Kunle and Sean are best friends and college roommates. Tonight they plan to celebrate and cement their friendship by being the first Black men on campus to complete the Lengendary Tour, making the rounds (and presumably surviving) all 7 frat parties in one epic night.
Kunle (Donald Elise Watkins), the son of doctors, referred to variously as “Black excellence” and “the Barack Obama of bacteria,” is off to Princeton shortly, to pursue post-grad studies on his way to a PhD. Sean (RJ Cyler) is his laid-back counter-point, and while his plans for the future may be less ambitious, his plan of attack for tonight’s festivities is nothing short of genius. A quick stop home for a change of clothes and some pre-gaming is all they need before the fun begins. The quick stop home, however, has other plans for them.
An unknown/unidentified drunk white girl is passed out in their living room after apparently breaking in and barfing up her stomach contents. A third roommate, Carlos (Sebastian Chacon), plays video games in his room, oblivious. Kunle is swift to assess this as a problem for 911, but Sean’s more typical experience as a Black man in America means he’s extremely reluctant to summon cops to his home. That’s how a night of partying turns into an unforgettable opportunity for director Carey Williams and writer KD Davila to explore racism, masculinity, friendship, and justice.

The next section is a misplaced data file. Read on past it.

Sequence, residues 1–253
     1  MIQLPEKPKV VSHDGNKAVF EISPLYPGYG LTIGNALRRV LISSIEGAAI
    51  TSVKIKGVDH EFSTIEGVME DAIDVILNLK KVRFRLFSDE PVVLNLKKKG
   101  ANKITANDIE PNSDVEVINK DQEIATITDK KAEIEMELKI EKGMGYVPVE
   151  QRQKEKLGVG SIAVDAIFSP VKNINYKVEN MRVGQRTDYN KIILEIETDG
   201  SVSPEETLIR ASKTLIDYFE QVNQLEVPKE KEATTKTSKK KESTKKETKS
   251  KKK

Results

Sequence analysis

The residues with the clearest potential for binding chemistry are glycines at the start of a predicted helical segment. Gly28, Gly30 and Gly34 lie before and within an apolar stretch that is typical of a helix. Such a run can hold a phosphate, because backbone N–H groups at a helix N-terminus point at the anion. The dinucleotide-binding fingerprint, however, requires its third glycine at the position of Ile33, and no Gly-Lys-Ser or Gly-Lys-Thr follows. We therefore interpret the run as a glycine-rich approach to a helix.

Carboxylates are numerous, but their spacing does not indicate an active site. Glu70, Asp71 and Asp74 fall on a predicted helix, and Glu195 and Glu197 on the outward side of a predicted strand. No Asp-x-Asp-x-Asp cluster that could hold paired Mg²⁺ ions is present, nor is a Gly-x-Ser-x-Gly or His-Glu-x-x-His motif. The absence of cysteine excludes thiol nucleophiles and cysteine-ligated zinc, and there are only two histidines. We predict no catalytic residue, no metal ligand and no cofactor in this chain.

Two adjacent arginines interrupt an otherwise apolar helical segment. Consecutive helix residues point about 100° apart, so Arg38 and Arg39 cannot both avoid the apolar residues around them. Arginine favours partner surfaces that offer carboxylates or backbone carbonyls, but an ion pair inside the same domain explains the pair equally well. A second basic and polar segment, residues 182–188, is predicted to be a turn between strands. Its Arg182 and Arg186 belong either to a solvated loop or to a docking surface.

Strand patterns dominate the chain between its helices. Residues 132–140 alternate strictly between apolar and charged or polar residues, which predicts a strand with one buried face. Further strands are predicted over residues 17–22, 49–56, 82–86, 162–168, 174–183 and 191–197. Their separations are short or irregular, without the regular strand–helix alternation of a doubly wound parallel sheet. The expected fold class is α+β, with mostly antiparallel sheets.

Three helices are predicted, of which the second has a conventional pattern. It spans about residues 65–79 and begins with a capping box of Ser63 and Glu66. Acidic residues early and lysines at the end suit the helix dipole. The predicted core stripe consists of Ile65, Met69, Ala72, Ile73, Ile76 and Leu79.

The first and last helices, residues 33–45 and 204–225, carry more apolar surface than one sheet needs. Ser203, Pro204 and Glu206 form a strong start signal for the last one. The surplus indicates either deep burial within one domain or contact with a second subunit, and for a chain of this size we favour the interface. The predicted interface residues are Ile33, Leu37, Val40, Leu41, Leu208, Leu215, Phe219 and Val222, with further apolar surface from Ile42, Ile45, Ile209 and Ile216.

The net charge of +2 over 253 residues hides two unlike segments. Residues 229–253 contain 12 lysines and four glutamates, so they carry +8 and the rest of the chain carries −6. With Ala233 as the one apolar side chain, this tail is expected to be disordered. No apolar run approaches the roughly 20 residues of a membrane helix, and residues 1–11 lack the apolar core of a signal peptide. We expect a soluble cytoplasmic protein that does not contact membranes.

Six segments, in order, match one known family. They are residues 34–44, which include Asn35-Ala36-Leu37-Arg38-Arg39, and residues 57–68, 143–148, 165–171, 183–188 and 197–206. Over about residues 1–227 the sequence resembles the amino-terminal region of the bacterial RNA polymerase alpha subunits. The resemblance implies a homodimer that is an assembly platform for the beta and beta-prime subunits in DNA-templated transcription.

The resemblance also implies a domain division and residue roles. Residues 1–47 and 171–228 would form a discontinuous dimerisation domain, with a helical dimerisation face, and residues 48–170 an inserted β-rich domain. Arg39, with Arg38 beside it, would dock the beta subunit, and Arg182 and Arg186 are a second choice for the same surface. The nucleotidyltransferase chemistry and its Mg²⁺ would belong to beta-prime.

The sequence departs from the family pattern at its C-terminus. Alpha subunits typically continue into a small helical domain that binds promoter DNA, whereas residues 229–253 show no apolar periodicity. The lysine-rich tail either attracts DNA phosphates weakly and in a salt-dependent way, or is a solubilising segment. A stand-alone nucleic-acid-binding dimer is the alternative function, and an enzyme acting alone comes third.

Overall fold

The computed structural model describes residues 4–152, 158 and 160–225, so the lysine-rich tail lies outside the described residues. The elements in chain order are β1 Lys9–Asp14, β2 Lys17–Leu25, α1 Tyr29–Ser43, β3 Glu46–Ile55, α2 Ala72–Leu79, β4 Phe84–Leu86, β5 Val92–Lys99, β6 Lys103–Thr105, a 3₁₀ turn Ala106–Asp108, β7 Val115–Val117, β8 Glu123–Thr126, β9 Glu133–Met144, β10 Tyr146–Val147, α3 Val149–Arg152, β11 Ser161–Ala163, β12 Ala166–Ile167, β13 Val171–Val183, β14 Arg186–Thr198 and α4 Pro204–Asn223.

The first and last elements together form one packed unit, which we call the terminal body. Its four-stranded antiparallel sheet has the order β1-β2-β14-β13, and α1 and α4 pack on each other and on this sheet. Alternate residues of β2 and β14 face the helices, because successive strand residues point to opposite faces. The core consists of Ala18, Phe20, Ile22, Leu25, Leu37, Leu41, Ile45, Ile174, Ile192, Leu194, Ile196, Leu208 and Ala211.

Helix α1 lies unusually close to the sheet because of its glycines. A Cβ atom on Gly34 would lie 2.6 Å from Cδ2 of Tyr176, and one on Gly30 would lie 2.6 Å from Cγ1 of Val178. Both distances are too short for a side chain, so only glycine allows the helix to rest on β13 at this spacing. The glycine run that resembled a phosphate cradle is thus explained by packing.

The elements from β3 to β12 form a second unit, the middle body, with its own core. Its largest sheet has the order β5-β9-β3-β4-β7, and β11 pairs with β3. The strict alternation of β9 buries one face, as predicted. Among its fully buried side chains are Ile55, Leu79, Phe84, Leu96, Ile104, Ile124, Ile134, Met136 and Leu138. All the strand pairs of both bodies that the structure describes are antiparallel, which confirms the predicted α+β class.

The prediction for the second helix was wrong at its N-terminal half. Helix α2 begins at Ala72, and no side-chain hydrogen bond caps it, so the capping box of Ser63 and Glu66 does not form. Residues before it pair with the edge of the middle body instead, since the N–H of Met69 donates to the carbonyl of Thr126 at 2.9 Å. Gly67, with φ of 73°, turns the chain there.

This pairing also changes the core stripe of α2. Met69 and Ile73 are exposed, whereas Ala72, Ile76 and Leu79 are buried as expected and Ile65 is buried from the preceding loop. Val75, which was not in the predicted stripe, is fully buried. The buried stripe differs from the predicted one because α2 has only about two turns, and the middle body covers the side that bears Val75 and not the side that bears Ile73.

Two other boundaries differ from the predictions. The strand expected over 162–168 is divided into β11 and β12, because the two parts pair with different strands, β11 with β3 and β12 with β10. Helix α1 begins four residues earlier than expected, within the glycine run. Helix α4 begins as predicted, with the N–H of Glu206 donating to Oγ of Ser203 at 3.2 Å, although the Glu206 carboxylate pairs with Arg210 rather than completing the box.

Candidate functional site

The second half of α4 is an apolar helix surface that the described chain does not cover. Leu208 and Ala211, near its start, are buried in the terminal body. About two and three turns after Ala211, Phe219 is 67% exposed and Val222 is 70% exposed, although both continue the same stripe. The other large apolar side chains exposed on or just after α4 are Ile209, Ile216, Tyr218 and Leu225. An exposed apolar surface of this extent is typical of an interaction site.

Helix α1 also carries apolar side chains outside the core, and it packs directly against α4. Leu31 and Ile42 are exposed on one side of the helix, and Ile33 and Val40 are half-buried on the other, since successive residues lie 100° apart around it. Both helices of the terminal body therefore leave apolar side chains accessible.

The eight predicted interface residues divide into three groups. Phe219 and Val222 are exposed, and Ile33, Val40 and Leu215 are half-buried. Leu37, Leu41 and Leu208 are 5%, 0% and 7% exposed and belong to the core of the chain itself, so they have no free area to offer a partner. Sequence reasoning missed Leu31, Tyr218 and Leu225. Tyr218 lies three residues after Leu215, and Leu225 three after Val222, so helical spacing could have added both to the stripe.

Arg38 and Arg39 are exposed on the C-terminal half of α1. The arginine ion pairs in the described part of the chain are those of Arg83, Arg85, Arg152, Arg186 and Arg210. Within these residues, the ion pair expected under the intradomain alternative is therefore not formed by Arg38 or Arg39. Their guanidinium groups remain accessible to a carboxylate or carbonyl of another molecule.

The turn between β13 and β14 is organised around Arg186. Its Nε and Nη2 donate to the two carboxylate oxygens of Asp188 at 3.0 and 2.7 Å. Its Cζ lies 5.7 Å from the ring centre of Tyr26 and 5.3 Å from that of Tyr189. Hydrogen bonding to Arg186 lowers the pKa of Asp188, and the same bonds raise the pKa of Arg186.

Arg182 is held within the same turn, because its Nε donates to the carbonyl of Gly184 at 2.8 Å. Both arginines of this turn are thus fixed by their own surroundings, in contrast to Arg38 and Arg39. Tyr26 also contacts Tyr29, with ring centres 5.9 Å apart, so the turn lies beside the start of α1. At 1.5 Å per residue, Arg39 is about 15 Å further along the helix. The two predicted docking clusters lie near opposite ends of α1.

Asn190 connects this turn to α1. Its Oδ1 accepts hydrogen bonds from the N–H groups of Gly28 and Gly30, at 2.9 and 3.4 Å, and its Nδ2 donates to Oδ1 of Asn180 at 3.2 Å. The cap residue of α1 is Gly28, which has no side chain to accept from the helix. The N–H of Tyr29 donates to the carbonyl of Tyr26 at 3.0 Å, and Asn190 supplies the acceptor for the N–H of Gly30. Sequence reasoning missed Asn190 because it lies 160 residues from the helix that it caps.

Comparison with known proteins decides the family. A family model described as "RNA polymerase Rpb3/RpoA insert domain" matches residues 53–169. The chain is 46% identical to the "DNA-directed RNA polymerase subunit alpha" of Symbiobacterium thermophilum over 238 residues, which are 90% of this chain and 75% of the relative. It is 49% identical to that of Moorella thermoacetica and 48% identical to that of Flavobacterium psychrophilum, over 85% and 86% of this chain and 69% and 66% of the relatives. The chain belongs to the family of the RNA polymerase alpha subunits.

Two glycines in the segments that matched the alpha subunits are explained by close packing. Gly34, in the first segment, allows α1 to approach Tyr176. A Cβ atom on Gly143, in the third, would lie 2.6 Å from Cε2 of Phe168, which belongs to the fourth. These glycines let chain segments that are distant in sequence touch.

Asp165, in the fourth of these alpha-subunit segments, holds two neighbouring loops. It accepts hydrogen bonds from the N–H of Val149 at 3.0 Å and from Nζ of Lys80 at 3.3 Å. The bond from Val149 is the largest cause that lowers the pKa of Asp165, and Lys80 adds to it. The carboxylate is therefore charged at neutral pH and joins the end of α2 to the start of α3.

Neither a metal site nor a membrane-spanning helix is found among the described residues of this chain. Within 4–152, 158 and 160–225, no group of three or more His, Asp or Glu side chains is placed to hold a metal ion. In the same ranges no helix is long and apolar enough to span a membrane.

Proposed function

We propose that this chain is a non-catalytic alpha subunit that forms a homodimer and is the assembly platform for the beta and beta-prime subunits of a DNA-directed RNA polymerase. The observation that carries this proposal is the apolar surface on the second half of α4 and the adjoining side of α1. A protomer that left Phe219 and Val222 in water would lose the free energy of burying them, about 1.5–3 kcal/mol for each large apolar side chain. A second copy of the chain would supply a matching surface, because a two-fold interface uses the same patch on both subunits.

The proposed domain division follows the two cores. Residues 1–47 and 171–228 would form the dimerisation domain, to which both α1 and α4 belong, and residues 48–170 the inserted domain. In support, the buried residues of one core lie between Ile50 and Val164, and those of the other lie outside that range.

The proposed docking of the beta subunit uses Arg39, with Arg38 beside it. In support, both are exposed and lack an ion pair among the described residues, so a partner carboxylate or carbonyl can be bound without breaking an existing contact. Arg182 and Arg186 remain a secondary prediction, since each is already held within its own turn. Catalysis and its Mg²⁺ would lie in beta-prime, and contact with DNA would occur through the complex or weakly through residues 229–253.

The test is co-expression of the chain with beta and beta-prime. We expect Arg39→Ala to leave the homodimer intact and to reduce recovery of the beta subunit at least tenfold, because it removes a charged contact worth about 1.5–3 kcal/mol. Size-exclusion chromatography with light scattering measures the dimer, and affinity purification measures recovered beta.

Last year Carey Williams was at Sundance with his film R#J, a new take on Romeo & Juliet which captivated me and motivated me to make sure Emergency was on my must-see list for 2022.
Williams toes the line between comedy and drama, and then he dances all over it, allowing his talented young cast to bring out both the urgency and the absurdity of the situation. Indeed, this satire is only possible because life really is this fucked up. With every sickening twist and turn, we never doubt their plausibility, which is perhaps the film’s most damning tactic. The subtle layering of challenges and expectations shoves reality in your face and forces you to live with their truth, and its consequences. A Black man’s impulse to do the right thing is necessarily tempered by his survival instinct. It’s a frustrating, maddening experience that deserves to be shared.